However, the majority of Roman writers, including Josephus, Pliny the Younger and Appian, as well as most of the ordinary people of the Empire, thought of Julius Caesar as the first Emperor. At the end of the Roman Republic no new, no single, title indicated the individual who held supreme power. Insofar as emperor could be seen as the English translation of imperator Julius Caesar had been an emperor, like several Roman generals before him. Instead, by the end of the civil wars in which Julius Caesar had led his armies, it became clear that there was no consensus to return to the old-style monarchy, but that the period when several officials, bestowed with equal power by the senate, would fight one another had come to an end. Julius Caesar, Augustus after him, accumulated offices and titles of the highest importance in the Republic, making the power attached to those offices permanent, preventing anyone with similar aspirations from accumulating or maintaining power for themselves. However, Julius Caesar, unlike those after
Constitution of the Late Roman Empire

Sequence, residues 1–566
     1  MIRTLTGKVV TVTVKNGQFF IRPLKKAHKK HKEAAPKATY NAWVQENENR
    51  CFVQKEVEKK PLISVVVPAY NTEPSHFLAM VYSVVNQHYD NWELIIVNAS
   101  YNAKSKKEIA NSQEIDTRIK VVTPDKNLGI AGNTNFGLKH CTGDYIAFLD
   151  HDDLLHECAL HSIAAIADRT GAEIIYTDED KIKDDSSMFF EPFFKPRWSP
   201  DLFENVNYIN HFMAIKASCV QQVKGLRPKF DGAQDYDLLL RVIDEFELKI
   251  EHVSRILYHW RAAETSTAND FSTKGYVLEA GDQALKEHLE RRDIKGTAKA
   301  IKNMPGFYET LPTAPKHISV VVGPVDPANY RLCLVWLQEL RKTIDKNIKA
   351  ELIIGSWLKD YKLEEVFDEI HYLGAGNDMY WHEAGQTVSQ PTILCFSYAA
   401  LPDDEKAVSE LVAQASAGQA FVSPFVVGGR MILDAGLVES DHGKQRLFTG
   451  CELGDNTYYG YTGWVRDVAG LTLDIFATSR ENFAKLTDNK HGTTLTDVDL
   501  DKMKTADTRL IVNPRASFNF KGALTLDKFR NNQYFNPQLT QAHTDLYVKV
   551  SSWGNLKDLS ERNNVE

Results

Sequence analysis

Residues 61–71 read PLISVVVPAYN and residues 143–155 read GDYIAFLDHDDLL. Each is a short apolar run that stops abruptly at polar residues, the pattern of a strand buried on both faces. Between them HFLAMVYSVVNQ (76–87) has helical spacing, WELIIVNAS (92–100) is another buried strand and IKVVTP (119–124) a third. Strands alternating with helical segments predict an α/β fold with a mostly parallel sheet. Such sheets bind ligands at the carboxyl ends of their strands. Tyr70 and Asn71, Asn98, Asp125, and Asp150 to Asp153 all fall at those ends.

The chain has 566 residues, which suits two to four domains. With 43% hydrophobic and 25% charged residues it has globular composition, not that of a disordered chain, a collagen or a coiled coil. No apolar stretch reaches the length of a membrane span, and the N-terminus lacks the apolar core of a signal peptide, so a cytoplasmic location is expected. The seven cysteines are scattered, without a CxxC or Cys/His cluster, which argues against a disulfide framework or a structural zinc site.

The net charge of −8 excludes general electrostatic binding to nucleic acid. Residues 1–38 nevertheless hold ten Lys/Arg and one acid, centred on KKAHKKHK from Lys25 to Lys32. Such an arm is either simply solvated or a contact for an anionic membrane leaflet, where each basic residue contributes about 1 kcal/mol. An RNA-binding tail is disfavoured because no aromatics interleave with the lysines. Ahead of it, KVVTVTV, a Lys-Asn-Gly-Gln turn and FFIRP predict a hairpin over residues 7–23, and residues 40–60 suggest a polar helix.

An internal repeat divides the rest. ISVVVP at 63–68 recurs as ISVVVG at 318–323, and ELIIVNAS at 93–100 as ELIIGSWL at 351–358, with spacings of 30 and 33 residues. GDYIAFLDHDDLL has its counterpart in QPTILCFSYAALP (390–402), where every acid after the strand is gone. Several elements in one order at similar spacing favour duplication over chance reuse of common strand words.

The constitution of the late Roman Empire was an unwritten set of guidelines and principles passed down through precedent, which defined the manner in which the late Roman Empire was governed. As a matter of historical convention, the late Roman Empire emerged from the Roman Principate, with the accession of Diocletian in AD 284, his reign marking the beginning of the Dominate; the constitution of the Dominate recognized monarchy as the true source of power, thus ended the fiction of dyarchy, in which emperor and Senate governed the empire together. Diocletian's reforms to the imperial government ended the ruse that the old republican magistracies were anything more than municipal officials with powers beyond Rome itself. By the late Empire, the consuls had no real duties beyond that of presiding at Senate meetings and the duties of the lesser magistrates were just the organisation of various games. Most other magistracies disappeared. Diocletian attempted to reform the imperial system itself into a structure in which four emperors, consisting of two Augusti and two Caesares, each governed one fourth of the Empire.